Margot & Julian from The Bloomers promote sustainable and conscious fashion and lifestyle on their blog and Instagram.
Their mission is to inspire people to build a lifestyle that is more conscious, respectful for the people and the environment.
In their articles, they present ethical and sustainable clothing brands as well as sustainable alternatives that will allow you to change your consumption habits bit by bit.
You have a blog and Instagram on which you promote an ethical and conscious lifestyle, next to this, what are the actions you take in your daily life to live sustainably? What does it represent for you?
Margot & Julian - Bloomers:
Living sustainably for us is asking questions. In each and every move, action or lack of action, each purchase we make, or anything we consume, we try to ask ourselves questions that can lead to a sustainable everyday life. A sustainable lifestyle is prioritizing ideas or companies that are part of the circular economy.
The first question we would ask ourselves is “why”. For example, if we’re going to buy anything, or travel, we ask ourselves how necessary it is, and where does that need come from. How rational or emotional is that decision? Then we try to act (or not) upon that knowledge.
There is always room for improvement. For our daily life, we consciously decided (for now) not to buy a car again even though it could make our lives much easier in our current situation. We also buy all of our food in bulk, no packaging, we have a compost in the garden, by the way in many cities it is also feasible in apartments now. We carry cotton bags, handkerchiefs, reusable bottles, reusable straws, anything we might need on the road in case we want to buy something and avoid creating waste. We prioritize travel by public transport, train or car-share (although with the apparent tax cuts airplane companies get, the price difference is huge and it makes it difficult). And most of all we fully support sustainable fashion brands.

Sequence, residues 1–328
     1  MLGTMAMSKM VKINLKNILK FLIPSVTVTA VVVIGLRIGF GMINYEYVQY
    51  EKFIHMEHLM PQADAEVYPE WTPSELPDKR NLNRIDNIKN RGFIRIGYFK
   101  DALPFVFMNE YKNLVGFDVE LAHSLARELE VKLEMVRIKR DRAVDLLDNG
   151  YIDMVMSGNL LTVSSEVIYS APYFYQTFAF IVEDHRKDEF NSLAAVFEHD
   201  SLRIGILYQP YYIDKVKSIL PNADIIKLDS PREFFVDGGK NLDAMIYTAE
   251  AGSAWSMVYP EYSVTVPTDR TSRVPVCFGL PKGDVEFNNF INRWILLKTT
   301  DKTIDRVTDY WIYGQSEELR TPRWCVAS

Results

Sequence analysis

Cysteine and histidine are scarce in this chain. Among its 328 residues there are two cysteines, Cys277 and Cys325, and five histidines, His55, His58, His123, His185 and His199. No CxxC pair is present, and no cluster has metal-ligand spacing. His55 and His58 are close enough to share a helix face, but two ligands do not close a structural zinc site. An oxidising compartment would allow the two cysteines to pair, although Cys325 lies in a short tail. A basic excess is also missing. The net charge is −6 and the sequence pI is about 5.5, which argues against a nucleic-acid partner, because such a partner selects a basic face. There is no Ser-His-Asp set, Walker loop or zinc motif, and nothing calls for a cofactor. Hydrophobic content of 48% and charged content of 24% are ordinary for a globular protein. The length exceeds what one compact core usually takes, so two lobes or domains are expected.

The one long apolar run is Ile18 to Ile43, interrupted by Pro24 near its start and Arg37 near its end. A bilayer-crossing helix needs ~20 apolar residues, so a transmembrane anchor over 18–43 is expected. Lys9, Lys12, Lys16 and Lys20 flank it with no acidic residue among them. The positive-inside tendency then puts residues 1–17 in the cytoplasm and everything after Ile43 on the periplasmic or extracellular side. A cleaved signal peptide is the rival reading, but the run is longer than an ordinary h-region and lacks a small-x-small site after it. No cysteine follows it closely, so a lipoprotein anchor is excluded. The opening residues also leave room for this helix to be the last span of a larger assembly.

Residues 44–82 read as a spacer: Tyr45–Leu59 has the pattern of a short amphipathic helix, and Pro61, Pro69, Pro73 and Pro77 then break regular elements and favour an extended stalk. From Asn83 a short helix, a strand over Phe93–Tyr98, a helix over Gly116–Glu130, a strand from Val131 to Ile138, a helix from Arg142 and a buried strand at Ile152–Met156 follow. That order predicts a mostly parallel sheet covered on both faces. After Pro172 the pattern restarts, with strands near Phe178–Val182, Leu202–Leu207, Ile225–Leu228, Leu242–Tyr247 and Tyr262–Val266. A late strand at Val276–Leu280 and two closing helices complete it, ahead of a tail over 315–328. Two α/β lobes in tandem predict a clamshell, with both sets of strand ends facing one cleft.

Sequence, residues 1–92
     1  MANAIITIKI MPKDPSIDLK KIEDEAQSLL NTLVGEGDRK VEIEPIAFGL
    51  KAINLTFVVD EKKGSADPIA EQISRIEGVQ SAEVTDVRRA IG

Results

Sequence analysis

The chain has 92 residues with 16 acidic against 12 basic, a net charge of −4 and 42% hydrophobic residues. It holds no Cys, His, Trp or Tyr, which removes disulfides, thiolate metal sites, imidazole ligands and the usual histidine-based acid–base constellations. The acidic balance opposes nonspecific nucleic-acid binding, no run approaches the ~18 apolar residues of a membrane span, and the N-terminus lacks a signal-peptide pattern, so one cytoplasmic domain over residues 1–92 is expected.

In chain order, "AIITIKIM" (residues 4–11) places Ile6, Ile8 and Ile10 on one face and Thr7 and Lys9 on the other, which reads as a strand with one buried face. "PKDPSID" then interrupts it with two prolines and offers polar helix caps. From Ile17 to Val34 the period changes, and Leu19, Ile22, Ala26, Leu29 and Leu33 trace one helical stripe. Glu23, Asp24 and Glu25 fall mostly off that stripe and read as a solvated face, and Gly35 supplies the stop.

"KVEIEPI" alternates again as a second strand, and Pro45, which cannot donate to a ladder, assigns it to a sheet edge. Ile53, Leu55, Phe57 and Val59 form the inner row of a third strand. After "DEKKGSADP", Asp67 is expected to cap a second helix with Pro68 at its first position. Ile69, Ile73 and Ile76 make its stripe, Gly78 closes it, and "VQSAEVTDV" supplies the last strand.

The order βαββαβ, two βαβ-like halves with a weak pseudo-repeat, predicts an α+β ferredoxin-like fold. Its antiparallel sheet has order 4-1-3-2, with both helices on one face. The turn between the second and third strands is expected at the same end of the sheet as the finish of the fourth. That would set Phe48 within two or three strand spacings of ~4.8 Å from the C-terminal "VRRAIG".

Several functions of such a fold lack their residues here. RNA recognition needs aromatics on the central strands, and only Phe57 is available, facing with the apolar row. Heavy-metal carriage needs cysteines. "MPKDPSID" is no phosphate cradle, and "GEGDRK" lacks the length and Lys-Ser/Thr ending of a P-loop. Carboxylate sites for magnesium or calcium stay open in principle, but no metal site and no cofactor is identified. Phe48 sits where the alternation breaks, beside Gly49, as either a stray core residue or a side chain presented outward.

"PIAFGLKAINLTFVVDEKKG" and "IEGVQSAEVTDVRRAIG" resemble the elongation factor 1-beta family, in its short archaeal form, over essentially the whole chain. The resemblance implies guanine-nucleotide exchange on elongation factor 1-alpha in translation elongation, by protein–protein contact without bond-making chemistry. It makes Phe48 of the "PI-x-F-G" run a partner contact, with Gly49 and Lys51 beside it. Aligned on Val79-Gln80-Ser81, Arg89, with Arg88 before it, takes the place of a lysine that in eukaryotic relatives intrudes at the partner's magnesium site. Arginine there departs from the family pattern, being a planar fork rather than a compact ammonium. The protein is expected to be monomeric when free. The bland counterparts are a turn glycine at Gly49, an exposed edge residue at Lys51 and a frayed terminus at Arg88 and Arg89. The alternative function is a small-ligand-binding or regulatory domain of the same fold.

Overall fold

Sustainability in lifestyle is a large subject, and it comes with many gray areas, but ultimately everything is connected, so taking on a holistic approach works well for us.
We have to say that you’re a good inspiration for us because you also live a zero-waste lifestyle! How do you maintain this lifestyle? Where do you shop for example and what are your main challenges living zero waste?
Julian - Bloomers:
The challenges for me are that I’m a big eater and I get “hangry”, and if you want to live Zero Waste, and you’re on the go, you got to have your little kit, so the challenge is to remember it, and to bring it with me.
On the other hand, we found that once you build up the habit, it is automatic, easy and very gratifying. We like the look on people’s faces when we order a sandwich and we ask to put it in a cotton bag or handkerchief that we carry…We can see their expression going from confusion to understanding and even a little bit of admiration. Sometimes business owners even congratulate us.
Another reason to maintaining this lifestyle is that it has a great positive impact on our health. We no longer eat anything that comes in packages, so no food preservatives or anything that we don’t really know what it is or where it came from.